Understanding the Difference Between Actual Cash and Replacement Cost Values

In the event of a covered loss, the insurance policy for your home will pay you either the replacement cost of the property that was lost or the actual cash value of the lost property. Somewhere in the policy description, usually the declarations page, will specify which method it uses. It is not uncommon for insurance companies to pay the replacement cost of some parts of the house, like the physical structure, and the actual cash value for other parts. 

Actual Cash Value

The actual cash value of a piece of property is calculated as the replacement cost minus depreciation (normal wear and tear) of the product. Policies that pay actual cash value in losses are less expensive to purchase, as the payout is less than the replacement cost would be. In many jurisdictions, the actual cash value has been determined to be equal to the fair market value. 

For instance, say your house is burglarized and the thieves make off with your electronic tablet. This tablet was new, state-of-the-art, and cost $750 when you purchased it four years earlier. If you were to sell the tablet today, it would not sell for nearly as much as you paid for it. Whatever someone would be reasonably expected to pay for the tablet, had it not been stolen, is roughly equivalent to the actual cash value. 

Replacement Cost Value

To illustrate the replacement cost value, let’s return to the stolen tablet situation. If your insurance company were to use that method to replace your tablet, then it would use a value equal to buying a comparable tablet new or like-new today. Figuring out the replacement cost of certain items, like the tablet, is fairly easy. 

When it comes to your house, though, things can get complicated, especially in the event of a total loss. The replacement cost of a burned home is not equal to the amount you paid for it, but rather the cost of materials that make up the house. The cost of homes is indicative of many factors, such as the location and age of the house.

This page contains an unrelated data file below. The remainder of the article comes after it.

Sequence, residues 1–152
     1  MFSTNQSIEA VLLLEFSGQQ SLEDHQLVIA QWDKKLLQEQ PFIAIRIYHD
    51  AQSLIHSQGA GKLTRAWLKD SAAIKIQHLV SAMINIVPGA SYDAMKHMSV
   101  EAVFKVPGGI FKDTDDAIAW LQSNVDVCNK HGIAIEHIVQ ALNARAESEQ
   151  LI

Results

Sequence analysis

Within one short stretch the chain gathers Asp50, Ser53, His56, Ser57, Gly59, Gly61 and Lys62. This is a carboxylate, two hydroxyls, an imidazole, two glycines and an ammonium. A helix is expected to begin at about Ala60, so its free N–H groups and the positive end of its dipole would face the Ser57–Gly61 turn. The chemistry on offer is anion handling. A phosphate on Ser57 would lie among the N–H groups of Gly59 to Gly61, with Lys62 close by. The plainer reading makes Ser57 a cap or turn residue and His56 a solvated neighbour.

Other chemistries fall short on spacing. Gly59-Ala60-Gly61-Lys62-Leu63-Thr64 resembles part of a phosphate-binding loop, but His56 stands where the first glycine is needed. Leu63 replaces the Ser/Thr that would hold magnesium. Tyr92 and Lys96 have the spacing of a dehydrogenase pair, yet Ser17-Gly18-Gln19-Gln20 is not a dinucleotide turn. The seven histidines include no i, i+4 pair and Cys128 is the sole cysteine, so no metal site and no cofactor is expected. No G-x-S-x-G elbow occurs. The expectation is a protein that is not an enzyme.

Conclusion

Insurance policies that cost less per month are certainly attractive, but in the event of a total loss of something as valuable as your home, you might be wishing you had picked a different policy. Even then, it’s important to remember that insurance companies make money by paying out as little as possible in any situation. If you are trying to receive a payout for a loss covered by your home insurance, please contact The Monfiston Firm, P.A. so we can help you get what you deserve. 

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The Monfiston Firm, P.A.

The Monfiston Firm is an experienced team of aggressive and calculating attorneys with a solid track record of assisting Florida homeowners with any and all property insurance claims and disputes. We were founded on the premise that the insured should not be taken advantage of by large insurance companies.

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